FTC acts against “Brightest Flashlight” app for deceptively tracking your location

We’ve written several times recently about the problems we face – whether as consumers, programmers, vendors or users – from mobile adware.

Ads in mobile apps are generally regarded with less suspicion and more tolerance than they are in desktop apps, as a sort of quid pro quo for not having to pay a monetary price to use them.

Indeed, lots of apps have a free version that is ad-supported, and a fairly inexpensive paid version that dispenses with the ads.

A few dollars, or a few ads? You choose…

Sadly, however, if you give app developers a centimetre, a few of them will take 633.6 metres. (Yes, there are 63,360 inches in a mile.)

And one example that we’ve heard lots of people use as an archetype for “going too far” is the story of the torch (flashlight) app that collected your location data.

Really? A torch that needs to know where you are? What on earth for?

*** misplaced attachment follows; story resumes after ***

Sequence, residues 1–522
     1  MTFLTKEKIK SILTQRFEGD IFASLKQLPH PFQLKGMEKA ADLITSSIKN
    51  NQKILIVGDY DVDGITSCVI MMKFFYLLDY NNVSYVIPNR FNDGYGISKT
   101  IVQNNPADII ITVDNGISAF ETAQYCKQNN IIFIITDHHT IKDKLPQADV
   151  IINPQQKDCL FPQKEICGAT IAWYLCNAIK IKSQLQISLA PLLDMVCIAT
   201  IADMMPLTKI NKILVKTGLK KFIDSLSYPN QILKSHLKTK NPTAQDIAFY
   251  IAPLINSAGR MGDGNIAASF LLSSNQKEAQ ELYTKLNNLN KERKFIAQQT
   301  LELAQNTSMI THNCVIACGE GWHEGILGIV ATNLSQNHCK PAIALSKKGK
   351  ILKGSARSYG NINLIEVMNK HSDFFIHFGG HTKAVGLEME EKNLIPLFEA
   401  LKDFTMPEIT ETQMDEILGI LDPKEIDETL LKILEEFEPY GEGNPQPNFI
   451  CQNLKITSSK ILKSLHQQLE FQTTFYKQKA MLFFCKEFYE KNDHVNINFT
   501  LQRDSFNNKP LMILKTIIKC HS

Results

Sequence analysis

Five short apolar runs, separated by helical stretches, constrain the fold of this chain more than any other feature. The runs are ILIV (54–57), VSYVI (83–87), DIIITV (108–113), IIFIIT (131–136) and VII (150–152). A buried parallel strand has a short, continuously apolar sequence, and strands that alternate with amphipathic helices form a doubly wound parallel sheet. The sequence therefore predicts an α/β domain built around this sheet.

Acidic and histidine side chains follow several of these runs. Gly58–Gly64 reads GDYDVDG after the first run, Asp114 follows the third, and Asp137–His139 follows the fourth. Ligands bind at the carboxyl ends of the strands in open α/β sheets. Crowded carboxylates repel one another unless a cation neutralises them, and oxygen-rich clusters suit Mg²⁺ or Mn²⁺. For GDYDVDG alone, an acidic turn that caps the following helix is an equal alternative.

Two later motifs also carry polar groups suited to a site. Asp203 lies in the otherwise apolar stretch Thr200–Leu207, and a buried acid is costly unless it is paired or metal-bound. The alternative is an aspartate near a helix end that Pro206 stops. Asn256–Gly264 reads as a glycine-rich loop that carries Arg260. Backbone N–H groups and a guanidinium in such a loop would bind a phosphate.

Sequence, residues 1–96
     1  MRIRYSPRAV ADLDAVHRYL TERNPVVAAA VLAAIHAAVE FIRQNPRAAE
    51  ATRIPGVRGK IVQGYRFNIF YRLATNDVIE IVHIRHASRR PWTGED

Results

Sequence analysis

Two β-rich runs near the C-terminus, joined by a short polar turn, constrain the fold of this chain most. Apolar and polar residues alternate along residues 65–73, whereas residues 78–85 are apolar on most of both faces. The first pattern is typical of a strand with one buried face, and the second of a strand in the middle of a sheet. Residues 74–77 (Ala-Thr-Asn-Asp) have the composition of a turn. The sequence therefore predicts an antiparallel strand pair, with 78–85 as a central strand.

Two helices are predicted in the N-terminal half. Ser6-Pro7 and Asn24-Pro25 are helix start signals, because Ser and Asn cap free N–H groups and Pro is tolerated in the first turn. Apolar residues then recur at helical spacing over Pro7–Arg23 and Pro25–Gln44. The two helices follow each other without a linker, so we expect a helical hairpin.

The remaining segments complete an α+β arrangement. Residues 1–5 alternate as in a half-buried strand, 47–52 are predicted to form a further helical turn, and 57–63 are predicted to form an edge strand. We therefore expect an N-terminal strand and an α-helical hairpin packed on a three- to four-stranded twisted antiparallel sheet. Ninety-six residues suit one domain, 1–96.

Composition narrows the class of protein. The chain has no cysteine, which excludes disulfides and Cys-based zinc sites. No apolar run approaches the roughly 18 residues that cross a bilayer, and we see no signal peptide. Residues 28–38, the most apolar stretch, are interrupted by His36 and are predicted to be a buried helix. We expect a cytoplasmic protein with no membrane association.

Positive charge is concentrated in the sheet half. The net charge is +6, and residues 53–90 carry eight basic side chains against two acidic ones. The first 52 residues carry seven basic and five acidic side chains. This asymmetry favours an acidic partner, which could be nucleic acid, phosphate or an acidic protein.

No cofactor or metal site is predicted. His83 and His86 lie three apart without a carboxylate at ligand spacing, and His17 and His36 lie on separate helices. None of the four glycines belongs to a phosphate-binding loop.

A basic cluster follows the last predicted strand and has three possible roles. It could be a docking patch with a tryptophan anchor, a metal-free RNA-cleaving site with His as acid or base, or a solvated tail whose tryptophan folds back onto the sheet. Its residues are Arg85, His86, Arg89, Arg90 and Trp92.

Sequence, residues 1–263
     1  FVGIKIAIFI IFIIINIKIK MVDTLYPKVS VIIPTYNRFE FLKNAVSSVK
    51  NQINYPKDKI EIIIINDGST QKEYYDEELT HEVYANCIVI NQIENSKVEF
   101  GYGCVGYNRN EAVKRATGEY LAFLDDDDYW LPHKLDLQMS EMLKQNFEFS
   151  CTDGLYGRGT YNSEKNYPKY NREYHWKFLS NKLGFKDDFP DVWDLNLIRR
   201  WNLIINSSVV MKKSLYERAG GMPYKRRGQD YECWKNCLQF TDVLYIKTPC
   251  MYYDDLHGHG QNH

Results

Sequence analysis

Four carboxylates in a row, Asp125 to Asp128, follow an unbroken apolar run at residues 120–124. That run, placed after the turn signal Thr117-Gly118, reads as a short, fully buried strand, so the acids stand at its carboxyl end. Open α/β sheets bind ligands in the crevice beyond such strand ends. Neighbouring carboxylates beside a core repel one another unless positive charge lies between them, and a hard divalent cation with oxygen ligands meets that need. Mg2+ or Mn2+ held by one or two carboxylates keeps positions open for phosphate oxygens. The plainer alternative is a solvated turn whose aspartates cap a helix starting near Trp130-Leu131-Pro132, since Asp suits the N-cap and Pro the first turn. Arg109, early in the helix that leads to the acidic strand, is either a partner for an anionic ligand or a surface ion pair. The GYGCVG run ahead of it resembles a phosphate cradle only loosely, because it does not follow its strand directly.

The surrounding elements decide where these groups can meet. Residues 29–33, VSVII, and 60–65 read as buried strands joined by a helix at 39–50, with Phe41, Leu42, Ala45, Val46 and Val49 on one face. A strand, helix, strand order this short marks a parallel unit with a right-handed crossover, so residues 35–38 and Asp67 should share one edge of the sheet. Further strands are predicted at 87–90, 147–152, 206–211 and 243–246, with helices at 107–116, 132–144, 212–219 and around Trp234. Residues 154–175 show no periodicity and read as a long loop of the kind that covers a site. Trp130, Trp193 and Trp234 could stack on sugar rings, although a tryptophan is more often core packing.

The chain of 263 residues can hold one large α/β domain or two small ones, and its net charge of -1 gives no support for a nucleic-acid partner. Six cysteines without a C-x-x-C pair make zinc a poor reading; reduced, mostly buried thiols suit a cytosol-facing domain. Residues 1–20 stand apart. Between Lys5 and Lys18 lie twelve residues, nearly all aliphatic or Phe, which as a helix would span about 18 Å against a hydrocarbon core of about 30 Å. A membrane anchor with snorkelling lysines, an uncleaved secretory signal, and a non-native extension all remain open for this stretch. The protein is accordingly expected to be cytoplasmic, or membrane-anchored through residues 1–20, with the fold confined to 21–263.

So it can adapt the intensity of the light to your latitude? To tell you the number of hours until sunrise, and whether your phone battery will hold out that long?

Of course not!

The data was mined and sold to advertisers.

Sure, you could decline the data harvesting if you wanted to, at least in the Brightest Flashlight app from Goldenshores Technologies, LLC, by clicking a [Refuse] button.

But it turned out to mean REFuse in the sense of the noun meaning “garbage,” not reFUSE in the sense of the verb meaning “to say no.”

That’s because the app called home anyway, reporting both your device ID and your precise location, before you’d had time to say whether you wanted it to or not.

The good news is that the US Federal Trade Commission (FTC), which aims to protect consumers against fraud, deception, and unfair business practices, has decided that this is unacceptable.

The FTC has reached a settlement – a so-called consent decree – with the makers of this info-grabbing app, officially labelling them in its press release as “deceivers”, and saying:

When consumers are given a real, informed choice, they can decide for themselves whether the benefit of a service is worth the information they must share to use it. But this flashlight app left them in the dark about how their information was going to be used.

The penalty doesn’t add up to much – it pretty much boils down to an agreement not to do it again, or else.

But it’s a start.

Image of brightly-shining torch courtesy of Shutterstock.